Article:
Hurricane Harvey: Where to Give and How to Help »
In the wake of a disaster, communities outside the affected area want to know how to help. A variety of reputable organizations ha…
4015 I 49 S Service RdOpelousas, LA 70570
From Business: The team at Opelousas Orthopaedic Clinic has been serving the needs of patients since 1968. Our physicians are all board-certified with over 150 years of combined…
4906 Ambassador Caffery Pkwy Ste 1Lafayette, LA 70508
From Business: WELCOME TO LA BELLE CENTER FOR COSMETIC SURGERY As a Cosmetic Surgery Center in Lafayette, Louisiana, we are eager to help you achieve a sense of beauty that is u…
In the wake of a disaster, communities outside the affected area want to know how to help. A variety of reputable organizations ha…
One out of every seven Americans will face a substance addiction. Here are some resources to help you help a loved one, and notice…
The holiday festivities are over, but January doesn't have to be a drag. It's actually the best time to finish projects and organize your life – all while having a little fun.
Structured! Friendly and works hard at seeing employees succeed!! Best company I have ever worked for!
Dr ancelet and his nurse will throw drugs at you, not check with your insurance, and never answer the phone or return your calls. Save yourself some money and headache and find a different Dr. I know I will.
Had appointment last week, where I was told by assistant, (while awaiting Dr., in dental chair) that I should call my insurance company regarding a question o had regarding a procedure and whether or not my ins. Covered it. While I'm on phone with insurance company, that same assistant comes in to tell me that I will have to go outside or in front to make my call! Really! Lol And if that wasn't bad enough, fast forward to today! Just left here office, getting impressions for a night mouthguard,. Assistant jabs the metal tray and roughly puts in into my top mouth , and at this point I'm telling her No No your hurting me. And she does not take the metal tray out of my mouth. She acts like she didn't hear me. When she does take metal or of my mouth half of the impression is stuck to top of my palet. She never apologizes and tells me rudely to open up my mouth. I lost it at this point and tell her to wait while I get over what I just went through. She gives me a look hat would kill, and storms out of room slamming things. Wow! Totally cannot believe the trauma and in total disbelief! Please Run from this place!
Dr. Cain has been treating me for 11 yrs, past colon cancer.I could not ask for a better doctor or staff & facility. I feel mycare is their concern always. Love & Thankful for the doctor and facility. Deborah Hargrave, Abbeville, La.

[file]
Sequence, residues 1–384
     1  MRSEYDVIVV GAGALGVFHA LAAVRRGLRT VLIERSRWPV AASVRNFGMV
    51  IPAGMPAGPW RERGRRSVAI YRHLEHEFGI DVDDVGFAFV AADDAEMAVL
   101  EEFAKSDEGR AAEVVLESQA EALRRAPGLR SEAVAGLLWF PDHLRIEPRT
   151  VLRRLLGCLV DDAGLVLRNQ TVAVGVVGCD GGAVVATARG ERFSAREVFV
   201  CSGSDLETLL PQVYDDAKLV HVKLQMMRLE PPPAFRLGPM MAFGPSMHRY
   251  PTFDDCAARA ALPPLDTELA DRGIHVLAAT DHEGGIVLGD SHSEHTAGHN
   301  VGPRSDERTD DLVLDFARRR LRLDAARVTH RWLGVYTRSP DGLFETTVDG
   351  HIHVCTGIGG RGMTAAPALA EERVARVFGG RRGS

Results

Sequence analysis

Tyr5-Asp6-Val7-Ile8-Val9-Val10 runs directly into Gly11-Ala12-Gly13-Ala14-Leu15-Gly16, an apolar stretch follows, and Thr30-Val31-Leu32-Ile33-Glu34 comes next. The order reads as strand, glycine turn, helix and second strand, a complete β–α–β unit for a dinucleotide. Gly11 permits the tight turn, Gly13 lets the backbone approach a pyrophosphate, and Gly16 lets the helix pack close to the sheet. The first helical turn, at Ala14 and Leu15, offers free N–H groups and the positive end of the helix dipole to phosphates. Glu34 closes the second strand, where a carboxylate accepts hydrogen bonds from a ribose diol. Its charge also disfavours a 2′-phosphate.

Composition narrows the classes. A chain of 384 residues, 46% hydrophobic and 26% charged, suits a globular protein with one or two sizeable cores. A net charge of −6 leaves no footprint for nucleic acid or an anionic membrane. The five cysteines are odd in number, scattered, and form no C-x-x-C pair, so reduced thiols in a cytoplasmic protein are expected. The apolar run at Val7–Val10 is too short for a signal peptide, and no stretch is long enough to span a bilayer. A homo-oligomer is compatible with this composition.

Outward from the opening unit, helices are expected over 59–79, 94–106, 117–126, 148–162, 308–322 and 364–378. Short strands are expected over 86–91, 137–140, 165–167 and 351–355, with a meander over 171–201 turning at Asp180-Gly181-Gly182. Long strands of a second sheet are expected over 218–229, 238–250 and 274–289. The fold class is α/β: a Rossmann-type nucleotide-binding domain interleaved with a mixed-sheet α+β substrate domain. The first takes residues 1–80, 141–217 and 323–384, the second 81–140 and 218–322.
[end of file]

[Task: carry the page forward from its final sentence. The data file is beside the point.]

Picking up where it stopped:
This is the absolute worst doctor's office I've ever been to in my 29 years. My last office visit, I waited in the exam room (not the waiting room), for over 3 hours waiting for the Dr. Ancelet to come in and see me. When he finally showed up, he spent about 5 minutes with me and most of his attention was on his phone texting. I even threw in a couple questions to see if he was listening and he was not; I got no response. I've been on Lexapro for several years now and this doctor cut off my medication refills without any warning or notice. He wanted me to come in for lab work; lab work he didn't complete the first time he prescribed me Lexapro. Lexapro is a drug you do not mess with; you are NOT supposed to stop COLD TURKEY. This is a money hungry doctor that will require you to have an appointment, for no real reason - other than MONEY. These people are snakes. Requirements are one thing, but it took a week of me totally being cut off the medication before the PHARMACY (not the doctor's office) alerted me that I needed to make an appointment.And if things couldn't get worse, all patient questions/issues/consult, go through Sheila, the RUDEST nurse you will ever meet in your life. Her voicemail states she will get back to you within 1 business day/24 hours. Well I called Monday morning, and it took her almost 3 days just for me to get a call back. No urgency or care whatsoever. After 2 days of phone tag, I finally speak with the infamous "Sheila". You can't get a word in with her. She wants to bark, not listen. She is so incredibly rude, degrading, and just a plain b****. When I asked if I could finally say something, she HUNG UP ON ME.This practice, Dr. Ancelet, and nurse Sheila give every other person in medicine a bad reputation. When you hear of money hungry, sleazy, could care less for their patients, these are the people and examples of who they are referring to. These people do not care about you.Unethical. Unprofessional. Careless
Receptionist VERY Snotty! No matter how bad you feel walking in, you will feel WORSE leaving!
My family and I will continue to go to minute med walk in clinic! There staff is amazing, answered all my questions & concerns! The nurse called me back a week later just to do a follow up WOW I enjoyed my experience. Then my son when in just to have his blood work completed! Overall experience wonderful! Unlike long hours waiting at a Emergency room/normal Dr.vist. total time at minute med was 25mins. Thanks Dr.Reese, Amber & Chad yall keep up the good work! !